June 30th, 2006 • Quill Archives
SDX Awards: TV documentaries, other markets

Instead of scouring for what’s broken in today’s public schools, “Making Schools Work,” a documentary devised by South Carolina Educational Television, stresses the positive and gives teachers something to work with instead of just heaping more criticism on an underappreciated profession.


June 30th, 2006 • Quill Archives
SDX awards: Newspaper non-deadline reporting, under 100,000

In an article called “The Speculators,” reporting done by the staff of the East Valley Tribune was so thorough, there was no room for conjecture. Reporter Mark Flatten spearheaded the effort and wrote the story, one that combined extensive research and stellar storytelling to paint a clear picture of who really controlled the territory in Mesa, Ariz.,


June 30th, 2006 • Quill Archives
SDX Awards: Art/Graphics, sports photography

Dan Hubbell has been a photographer for the Professional Rodeo Cowboys Association since 1990. He’s snapped more than 600,000 shots of man battling beast in arenas full of dirt. But the photo he took of cowboy Kyle Whitaker tumbling off the aptly named Dump Wagon was one of a kind.


June 30th, 2006 • Quill Archives
SDX Awards: TV public service, network/Top 25 markets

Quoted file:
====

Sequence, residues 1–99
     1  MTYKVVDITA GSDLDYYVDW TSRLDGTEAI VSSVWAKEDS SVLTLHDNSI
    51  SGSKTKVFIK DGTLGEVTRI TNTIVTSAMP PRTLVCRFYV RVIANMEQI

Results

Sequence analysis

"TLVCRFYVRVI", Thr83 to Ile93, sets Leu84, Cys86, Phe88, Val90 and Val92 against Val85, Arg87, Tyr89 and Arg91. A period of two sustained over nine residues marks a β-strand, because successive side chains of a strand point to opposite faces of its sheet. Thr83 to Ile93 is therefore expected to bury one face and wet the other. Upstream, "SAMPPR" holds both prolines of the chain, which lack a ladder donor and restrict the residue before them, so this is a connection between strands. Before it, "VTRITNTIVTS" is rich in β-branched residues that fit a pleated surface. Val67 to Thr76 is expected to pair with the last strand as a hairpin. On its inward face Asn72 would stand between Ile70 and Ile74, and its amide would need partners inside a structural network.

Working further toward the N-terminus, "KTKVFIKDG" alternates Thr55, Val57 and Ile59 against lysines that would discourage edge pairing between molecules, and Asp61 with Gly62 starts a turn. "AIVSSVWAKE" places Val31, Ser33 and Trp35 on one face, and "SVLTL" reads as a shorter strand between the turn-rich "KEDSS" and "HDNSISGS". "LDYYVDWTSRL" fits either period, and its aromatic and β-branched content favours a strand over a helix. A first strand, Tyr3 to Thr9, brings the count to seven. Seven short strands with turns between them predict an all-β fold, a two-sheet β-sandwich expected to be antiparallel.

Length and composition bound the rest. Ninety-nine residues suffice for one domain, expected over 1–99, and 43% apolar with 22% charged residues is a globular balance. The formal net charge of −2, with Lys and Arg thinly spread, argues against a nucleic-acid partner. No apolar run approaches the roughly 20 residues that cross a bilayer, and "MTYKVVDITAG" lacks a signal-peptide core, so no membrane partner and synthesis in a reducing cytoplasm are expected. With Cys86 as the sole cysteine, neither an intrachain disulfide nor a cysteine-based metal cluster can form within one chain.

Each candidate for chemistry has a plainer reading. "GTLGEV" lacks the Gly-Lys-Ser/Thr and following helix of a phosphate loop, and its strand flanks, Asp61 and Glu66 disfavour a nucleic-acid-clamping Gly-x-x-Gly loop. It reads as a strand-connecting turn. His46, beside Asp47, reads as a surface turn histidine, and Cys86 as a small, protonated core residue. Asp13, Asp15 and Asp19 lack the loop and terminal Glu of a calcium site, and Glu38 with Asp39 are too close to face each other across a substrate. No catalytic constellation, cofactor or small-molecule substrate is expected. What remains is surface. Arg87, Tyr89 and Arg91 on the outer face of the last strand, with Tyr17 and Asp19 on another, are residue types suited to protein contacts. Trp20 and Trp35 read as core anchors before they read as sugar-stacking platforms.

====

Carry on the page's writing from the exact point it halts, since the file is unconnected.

KTTV Fox 11 reporter Christine Devine has good reason to trust in the newscast’s “Wednesday’s Child” segments. “What keeps me believing in the children and adoption?” Devine said. “My little sister from Vietnam. The little girl who once followed me around the house, mimicking every move.


June 30th, 2006 • Quill Archives
SDX Awards: Newspaper investigative reporting, over 100,000

“Toxic Legacy” had all the drama of a Hollywood script. The scary part: every word of it was true. “Given the complexity of tracking so many disparate story lines — it was as if the writers for The Sopranos and Erin Brockovich got together — the team delivered a clear and cogent indictment of one of the most powerful companies in America,” said Editor Frank Scandale of The Record.


June 30th, 2006 • Quill Archives
SDX Awards: Art/Graphics, editorial cartooning

The numbers don’t seem to add up. Twelve hours of work scribbling 2,000 names yielded only three alphabetic letters and one question for editorial cartoonist Mike Luckovich. One could question how this is possible, but he would be better served inquiring why.


June 30th, 2006 • Quill Archives
SDX Awards: TV public service, other markets

Through their “Troubled Ten” series, reporter Dedrick Russell and the staff of WBTV News in Charlotte, N.C., demonstrated their dedication to education. “It is unusual for a television station to have such a deep commitment to education, but we believe one of the most important issues facing our viewers is their children’s education,” said WBTV in its letter to the judges.


June 30th, 2006 • Quill Archives
SDX Awards: Newspaper investigative reporting, less than 100,000

Imagine being locked in jail, just because a scientist mislabeled a test tube. It happened to Leslie Lincoln, and the Winston-Salem Journal bailed her out. Lincoln’s story was the first part of reporter Phoebe Zerwick’s series “Crime and Science: The weight of evidence.”